And isn’t that true? When we find ourselves actually doing something we weren’t sure we could do, or even something we thought we absolutely couldn’t do, isn’t the sense of accomplishment wonderful? We begin to believe in ourselves and we get excited. If I can do this, what else can I do? If I can become skilled in this behavior or activity, then bring on the next one!

Believing in ourselves is the key to making permanent change. As Henry Ford said, “Whether you believe you can or believe you can’t, you’re right.” Once we begin to have faith in ourselves and in our abilities to change our habits of thought, then changing our habits of action becomes much easier. Our thoughts can seem so automatic and second nature and we have so many of them that it can seem like an impossible task to corral those thoughts into a pattern of positivity. Once we prove to ourselves we can change our thoughts we build confidence. With that increased confidence we start to believe that training our actions is achievable, too.

Naturally, there’s more than one way to reward ourselves. That mental high five, or ‘attagirl/attaboy’ works for a while, but personally, I want something visual to show me the progress I’m making. Maybe it’s as simple as getting a jar and a bag of beans. Every time you ignore your negative self-talk, you put a bean in the jar. Every time you turn a thought from negative to self-affirming, a bean goes in the jar. And every time you’re go-to thought is positive and self-affirming it’s bonus time! 5 beans go into the jar!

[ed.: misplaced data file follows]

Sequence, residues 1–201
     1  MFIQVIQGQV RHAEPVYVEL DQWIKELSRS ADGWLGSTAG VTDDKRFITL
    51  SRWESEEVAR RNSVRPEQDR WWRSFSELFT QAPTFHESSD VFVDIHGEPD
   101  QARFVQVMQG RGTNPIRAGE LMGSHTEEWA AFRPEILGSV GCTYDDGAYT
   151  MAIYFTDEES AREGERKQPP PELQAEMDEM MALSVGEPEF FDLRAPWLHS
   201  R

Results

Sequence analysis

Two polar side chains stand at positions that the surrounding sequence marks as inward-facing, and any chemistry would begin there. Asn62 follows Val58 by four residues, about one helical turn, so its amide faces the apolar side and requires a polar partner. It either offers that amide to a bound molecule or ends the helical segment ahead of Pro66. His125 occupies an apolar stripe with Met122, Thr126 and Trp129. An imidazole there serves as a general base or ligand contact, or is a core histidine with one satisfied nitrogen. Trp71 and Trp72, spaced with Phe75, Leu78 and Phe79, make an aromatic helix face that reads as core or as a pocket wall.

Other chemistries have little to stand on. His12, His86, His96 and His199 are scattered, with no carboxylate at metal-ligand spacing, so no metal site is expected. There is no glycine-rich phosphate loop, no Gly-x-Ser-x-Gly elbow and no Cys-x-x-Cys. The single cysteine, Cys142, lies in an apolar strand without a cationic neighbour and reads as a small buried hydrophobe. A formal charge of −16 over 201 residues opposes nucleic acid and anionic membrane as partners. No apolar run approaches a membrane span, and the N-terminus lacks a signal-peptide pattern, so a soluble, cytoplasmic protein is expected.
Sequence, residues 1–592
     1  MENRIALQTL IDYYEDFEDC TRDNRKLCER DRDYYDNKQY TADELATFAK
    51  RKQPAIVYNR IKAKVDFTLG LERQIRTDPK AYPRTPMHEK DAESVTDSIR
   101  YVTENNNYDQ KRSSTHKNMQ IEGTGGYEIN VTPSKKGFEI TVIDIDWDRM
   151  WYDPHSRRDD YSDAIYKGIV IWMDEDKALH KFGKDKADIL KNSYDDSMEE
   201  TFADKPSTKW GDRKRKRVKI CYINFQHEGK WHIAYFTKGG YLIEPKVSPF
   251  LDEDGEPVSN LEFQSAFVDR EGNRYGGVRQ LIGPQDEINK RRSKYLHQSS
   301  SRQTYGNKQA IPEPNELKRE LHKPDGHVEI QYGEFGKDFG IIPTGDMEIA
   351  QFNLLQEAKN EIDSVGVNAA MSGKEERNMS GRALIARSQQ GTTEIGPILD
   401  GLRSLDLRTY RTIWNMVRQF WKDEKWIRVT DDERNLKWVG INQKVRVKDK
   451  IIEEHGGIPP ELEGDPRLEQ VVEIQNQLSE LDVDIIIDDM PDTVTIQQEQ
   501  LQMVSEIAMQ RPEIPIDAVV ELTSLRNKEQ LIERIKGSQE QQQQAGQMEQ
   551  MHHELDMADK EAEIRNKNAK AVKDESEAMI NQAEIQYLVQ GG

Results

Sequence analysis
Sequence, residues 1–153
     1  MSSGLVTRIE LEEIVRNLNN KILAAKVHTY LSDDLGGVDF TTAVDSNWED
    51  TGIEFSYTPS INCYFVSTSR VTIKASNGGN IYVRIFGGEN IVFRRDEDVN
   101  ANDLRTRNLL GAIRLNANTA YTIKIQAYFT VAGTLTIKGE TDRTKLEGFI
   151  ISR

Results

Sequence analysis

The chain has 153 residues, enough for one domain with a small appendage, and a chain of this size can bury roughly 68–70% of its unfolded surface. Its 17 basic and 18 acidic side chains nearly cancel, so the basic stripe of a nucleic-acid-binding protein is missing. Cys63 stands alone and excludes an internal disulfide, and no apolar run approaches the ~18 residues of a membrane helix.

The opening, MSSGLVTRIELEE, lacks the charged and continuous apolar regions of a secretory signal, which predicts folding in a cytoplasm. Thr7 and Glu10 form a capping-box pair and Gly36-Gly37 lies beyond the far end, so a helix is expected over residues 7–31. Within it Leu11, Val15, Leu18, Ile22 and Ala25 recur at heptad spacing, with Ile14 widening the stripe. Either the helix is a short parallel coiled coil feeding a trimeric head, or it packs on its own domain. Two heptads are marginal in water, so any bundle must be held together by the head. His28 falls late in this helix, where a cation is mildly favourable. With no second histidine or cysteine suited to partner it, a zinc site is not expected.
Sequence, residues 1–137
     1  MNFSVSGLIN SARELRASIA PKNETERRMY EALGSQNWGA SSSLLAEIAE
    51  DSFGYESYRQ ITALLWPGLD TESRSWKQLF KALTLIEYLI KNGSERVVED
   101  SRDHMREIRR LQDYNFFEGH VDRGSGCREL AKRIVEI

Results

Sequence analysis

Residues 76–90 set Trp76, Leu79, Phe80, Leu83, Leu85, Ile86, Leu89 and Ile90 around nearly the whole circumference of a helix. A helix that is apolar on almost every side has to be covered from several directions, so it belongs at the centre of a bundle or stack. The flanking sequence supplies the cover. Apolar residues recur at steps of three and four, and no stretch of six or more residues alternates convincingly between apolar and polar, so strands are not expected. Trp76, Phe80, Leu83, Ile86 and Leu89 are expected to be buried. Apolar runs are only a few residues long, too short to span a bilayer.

The bean jar is one way of counting progress and measuring change. Using the same goal of having a visible and tangible way to measure progress, and taking a lesson from the practice of keeping a gratitude jar, you can keep a pad of post-it notes handy. Take a moment to write down the thought you let go, the thought you turned around, and the go-to thoughts that are now in place for you. As well as seeing your jar fill up, you can go back and read through your notes to see exactly which limiting thoughts you’ve let go of and turned around.

It is exactly because our thoughts are intangible and we have so many of them, that we want to have a visual aid to track our progress. It’s true that once we start noticing our thoughts, noticing our self-talk, and noticing our go-to reaction to things, we automatically begin to change our thinking. Once we are more aware of the thoughts we have throughout the day, we can’t help but see which ones bring us joy and which ones increase our challenges. So, some of the work is accomplished just through awareness. But having that visual reminder that we are actively working to support and encourage ourselves moment by moment throughout the day is a huge reward. Seeing our progress encourages us to keep going and it reminds us that our commitment to our own happiness is worthwhile.

So, start today. Tell those negative self-talk thoughts to roll over and play dead! You’ve got lots of positive, self-affirming thoughts to fetch and play ball with! And be sure to reward yourself along the way. You’ve got this! (Who’s a good girl? Who’s a good boy?)

Read 422 times Last modified on Monday, 04 October 2021 13:02
Betty Brink

Betty Brink is an expert on the mental and emotional aspects of dieting and body image. She is the author of "The Main Meal: The New Perspective on Weight Loss." In seminars, speeches, and consultations, she demonstrates practical methods to quiet the diet chatter, and to empower yourself to make conscious choices in diet, in life, and in relationships.